Living the American Dream

This post is about two guys who lived the American dream. I hope we can recapture the country that will allow future generations to do the same.

Ray Robinson was born in 1930 in Georgia to a poor blue collar couple who never married. Before he became an adolescent, his parents both died. He was educated at a school for the handicapped where he learned and loved to play the piano. He played backup in a few bands in Florida and later in Seattle. He recorded his first song in 1951 and a year later signed with Atlantic Records.

Once he started recording, his name was shortened so it wouldn’t be confused with Sugar Ray Robinson, the boxer. His first big hit, I Got a Woman, came out in 1955 and that launched a career that did not end until his death in 2004.

He sang for Presidents and other heads of state. He won dozens of Grammy Awards including the industries Lifetime Achievement Award. He was inducted into the R & B Hall of Fame, the Rock and Roll Hall of Fame and the Jazz Hall of Fame. The state song of Georgia is his composition and it was sung by Gladys Knight at the opening ceremonies of the 1996 Olympics in Atlanta. He appeared in 8 movies including one made of his life. He is known to others in the industry simply as The Genius.

The other man to realize the American dream was born in 1950 as Stevand Hardaway Judkins. He was born prematurely which caused several health problems, some of which he still suffers. But he was precocious and learned to play music at an early age. He too was educated at a school for special children.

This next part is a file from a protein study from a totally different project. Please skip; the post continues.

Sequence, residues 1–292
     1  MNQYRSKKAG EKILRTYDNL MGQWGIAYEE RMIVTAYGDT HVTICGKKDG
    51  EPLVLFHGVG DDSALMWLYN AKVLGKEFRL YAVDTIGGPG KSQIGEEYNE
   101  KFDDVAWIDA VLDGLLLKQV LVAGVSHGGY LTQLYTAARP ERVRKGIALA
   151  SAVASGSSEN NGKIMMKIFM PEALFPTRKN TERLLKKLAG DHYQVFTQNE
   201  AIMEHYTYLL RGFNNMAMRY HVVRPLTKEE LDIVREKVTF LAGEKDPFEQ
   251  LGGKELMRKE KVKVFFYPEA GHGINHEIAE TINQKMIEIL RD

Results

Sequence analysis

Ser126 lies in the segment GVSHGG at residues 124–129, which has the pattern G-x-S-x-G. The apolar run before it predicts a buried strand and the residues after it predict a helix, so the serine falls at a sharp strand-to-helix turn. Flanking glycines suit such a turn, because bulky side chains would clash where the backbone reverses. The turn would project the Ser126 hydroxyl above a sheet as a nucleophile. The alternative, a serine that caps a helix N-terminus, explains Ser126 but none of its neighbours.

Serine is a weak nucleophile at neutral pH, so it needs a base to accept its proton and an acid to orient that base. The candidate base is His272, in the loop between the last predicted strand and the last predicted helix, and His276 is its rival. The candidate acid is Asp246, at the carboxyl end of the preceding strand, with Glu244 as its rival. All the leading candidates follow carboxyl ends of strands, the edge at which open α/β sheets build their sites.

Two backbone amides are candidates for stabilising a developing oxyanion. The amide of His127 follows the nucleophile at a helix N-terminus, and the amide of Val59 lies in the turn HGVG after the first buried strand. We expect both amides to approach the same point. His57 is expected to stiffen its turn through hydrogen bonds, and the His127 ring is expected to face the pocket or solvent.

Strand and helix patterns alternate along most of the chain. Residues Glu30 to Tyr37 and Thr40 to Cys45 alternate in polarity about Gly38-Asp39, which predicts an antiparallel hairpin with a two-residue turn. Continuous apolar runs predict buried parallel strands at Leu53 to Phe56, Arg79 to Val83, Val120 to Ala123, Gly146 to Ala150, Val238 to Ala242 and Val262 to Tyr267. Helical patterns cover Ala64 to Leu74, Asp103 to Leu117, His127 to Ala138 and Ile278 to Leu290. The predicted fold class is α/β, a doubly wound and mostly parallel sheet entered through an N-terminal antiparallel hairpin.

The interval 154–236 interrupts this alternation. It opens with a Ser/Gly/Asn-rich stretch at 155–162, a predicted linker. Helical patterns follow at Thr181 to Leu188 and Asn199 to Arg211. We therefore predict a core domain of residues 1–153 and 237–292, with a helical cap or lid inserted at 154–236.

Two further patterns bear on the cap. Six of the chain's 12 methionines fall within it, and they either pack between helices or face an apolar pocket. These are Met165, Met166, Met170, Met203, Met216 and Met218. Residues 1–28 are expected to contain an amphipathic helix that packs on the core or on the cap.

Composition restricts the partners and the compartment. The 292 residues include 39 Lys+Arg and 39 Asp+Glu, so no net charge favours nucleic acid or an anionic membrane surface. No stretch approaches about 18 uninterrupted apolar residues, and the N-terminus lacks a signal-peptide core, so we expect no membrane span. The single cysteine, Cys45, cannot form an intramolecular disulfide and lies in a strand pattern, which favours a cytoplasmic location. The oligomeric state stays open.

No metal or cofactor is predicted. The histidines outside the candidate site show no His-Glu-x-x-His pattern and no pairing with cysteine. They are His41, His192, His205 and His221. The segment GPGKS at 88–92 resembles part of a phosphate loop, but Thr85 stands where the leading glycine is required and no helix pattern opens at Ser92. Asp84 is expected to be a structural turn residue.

In 1962, at the age of 12, Stevand was introduced to Ronnie White, a member of a group called The Miracles, who in turn introduced him to the CEO of Motown Records, Berry Gordy. The next year, at the age of 13 and after a name change, Stevand had his first big hit under the Motown label. He sang vocals and played the harmonica. Another young performer, Marvin Gaye, played drums.

Today, after 34 top ten singles, 12 top 10 albums and 22 Grammy Awards spanning 40 years, he is still going strong.

Both of these performers are black which in the early days was an enormous obstacle to exposure and success in the entertainment industry. And in case I forgot to mention it, they both became blind before the age of 7. And now, as Paul Harvey would say, you know the rest of the story.

I give you Ray Charles Robinson and Stevand Stevie Wonder Judkins together in concert. The American Dream.

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